In order to talk about a circular polarizer, you have to understand its purpose, what it works with.
Lets start with light. Light has many sources, could be the sun, a light bulb, or maybe even a reflection. Light travels out or emanates from its source. It radiates or travels out in a wave; it flows out randomly and in all directions. Light can be reflected, like off of a wall, glass, metal or even off of water. Imagine light traveling horizontally and vertically also in circular patterns clockwise and counterclockwise. By this I mean the light is almost on several different planes.
In photography, trying to capture a picture or image light is always present, in some form. You may or may not be happy with how the light is falling on your vantage point. It may be necessary to filter out the light to intensify work, it maybe necessary for clarity of an object. Your goal may be to enhance the color. It may be a goal to project more depth in an image. To do this, you would have to be able to control the pattern of light. Well thats exactly what a circular polarizer does. The word filter comes to mind. Allowing certain things in or keeping certain things out. In our case, it is light. With the circular polarizer, I am able to capture the light traveling in a certain pattern or it may even be thought of as having the abillity to block scattered light or atleast to be able to adjust it like a beam to make my enhancements. With the circular polarizer, I am in control of the tool in my arsenal to get the results that I need, feeling confident that I have achieved my goal in creating my perfect shot.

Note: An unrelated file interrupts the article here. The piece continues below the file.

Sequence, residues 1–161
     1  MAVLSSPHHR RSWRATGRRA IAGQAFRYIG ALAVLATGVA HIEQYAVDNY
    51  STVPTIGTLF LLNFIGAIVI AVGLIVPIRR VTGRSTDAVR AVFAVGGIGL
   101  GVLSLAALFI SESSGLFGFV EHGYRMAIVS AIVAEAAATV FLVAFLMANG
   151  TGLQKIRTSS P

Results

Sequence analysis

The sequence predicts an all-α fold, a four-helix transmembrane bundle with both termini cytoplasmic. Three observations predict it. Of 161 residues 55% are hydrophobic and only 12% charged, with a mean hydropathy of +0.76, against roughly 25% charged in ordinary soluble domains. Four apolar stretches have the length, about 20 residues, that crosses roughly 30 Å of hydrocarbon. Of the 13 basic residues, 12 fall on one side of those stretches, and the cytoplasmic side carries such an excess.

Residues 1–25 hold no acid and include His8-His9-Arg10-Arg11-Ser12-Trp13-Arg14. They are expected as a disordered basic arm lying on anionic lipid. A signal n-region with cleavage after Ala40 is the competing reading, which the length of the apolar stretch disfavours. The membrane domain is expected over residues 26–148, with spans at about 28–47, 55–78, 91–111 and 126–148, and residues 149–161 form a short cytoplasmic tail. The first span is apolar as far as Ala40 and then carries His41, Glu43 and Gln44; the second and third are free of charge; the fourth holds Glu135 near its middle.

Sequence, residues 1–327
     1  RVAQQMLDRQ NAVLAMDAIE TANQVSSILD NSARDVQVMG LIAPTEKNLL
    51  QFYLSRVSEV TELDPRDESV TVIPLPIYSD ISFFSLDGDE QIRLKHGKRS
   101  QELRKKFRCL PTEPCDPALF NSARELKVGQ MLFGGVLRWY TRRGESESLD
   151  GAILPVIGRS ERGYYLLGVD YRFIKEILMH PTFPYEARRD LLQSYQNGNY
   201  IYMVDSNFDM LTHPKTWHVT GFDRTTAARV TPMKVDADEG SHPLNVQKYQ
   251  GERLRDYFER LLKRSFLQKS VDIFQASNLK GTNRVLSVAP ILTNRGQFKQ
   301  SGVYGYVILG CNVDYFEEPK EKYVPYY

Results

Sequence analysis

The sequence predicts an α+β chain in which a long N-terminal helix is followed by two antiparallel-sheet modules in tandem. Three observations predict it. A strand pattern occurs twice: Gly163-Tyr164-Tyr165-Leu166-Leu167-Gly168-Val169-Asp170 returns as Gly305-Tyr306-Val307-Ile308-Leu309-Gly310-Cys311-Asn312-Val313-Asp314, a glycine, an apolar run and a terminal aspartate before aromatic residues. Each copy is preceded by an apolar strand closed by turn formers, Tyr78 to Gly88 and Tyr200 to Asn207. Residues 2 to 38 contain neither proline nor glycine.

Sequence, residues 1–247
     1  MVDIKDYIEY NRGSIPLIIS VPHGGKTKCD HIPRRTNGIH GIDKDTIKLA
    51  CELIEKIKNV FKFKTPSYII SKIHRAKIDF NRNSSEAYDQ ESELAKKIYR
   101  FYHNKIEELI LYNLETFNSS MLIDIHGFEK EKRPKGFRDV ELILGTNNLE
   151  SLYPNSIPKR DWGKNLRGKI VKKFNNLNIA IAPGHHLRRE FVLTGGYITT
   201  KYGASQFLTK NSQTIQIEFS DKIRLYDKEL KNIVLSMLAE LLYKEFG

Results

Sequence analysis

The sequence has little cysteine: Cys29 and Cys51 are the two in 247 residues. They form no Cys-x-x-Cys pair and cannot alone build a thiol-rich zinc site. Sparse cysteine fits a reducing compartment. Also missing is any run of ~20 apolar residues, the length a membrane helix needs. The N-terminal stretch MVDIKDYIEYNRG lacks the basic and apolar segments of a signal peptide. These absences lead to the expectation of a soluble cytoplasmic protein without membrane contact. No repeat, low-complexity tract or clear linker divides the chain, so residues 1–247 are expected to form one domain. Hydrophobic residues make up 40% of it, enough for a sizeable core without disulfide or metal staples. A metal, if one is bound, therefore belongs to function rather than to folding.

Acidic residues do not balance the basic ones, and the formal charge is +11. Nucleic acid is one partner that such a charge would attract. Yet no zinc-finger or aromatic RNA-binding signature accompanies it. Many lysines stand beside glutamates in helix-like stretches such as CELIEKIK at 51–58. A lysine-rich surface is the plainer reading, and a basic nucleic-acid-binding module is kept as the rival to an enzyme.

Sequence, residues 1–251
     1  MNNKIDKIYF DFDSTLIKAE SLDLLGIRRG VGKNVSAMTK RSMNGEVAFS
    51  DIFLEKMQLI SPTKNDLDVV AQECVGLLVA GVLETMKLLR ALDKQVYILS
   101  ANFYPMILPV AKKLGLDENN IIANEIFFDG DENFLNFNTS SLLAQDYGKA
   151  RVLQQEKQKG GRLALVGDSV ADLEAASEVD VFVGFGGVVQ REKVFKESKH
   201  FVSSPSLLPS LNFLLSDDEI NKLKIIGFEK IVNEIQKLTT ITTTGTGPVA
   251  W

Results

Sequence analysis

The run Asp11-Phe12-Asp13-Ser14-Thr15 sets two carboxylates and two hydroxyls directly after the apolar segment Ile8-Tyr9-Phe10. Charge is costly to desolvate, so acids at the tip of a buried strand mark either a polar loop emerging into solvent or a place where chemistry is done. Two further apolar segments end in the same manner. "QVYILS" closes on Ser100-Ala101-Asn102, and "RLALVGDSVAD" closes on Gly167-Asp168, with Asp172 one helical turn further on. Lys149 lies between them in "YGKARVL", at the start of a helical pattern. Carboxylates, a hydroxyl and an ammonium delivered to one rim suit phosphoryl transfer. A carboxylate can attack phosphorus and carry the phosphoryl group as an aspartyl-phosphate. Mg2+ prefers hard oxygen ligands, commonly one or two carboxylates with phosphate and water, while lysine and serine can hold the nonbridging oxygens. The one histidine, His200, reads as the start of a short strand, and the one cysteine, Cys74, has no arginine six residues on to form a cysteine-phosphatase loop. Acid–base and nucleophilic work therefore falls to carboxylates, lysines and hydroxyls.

There are many available filters out there to help improve your landscape photography, but there is one filter that every photographer should have in their camera bag, and that is a polarizing filter. A polarizing filter can be used in both color and black and white photography and it will help you produce beautiful outdoor photos.
The main effect of a polarizing filter is that it eliminates the reflection from non-metal surfaces. It will enhance the colors in your photographs, making them rich and deep in color. No other filter is able to do that. When taking pictures of trees, leaves, foliage, etc., the polarizing filter will help them to appear less shiny.
A polarizing filter is most effective with skies, color enhancement, water and reflective surfaces, and light absorption. By eliminating the reflection of light, the polarizer produces saturated and slightly darker skies. The filter tends to enhance colors by making shadow areas darker. By eliminating reflections, the filter tends to make water and various other reflective surfaces more transparent. A side effect of the polarizing filter is that it absorbs 1.5 stop of light, so in low lighted situations, some type of camera support will be needed to develop the most effective photos.
Polarizing filters typically come in two types- screw-in filters or fitting one into a square filter. Screw-in filters are the right way to go if you typically use one lens, or if all your lenses have the same filter thread. When buying a polarizer that fits into one of the square filter systems, the Cokin A or P ranges are ideal for the small diameter lenses. The Lee filter system is very adaptable so it will fit almost any lens, including large diameter angle lenses and medium format cameras.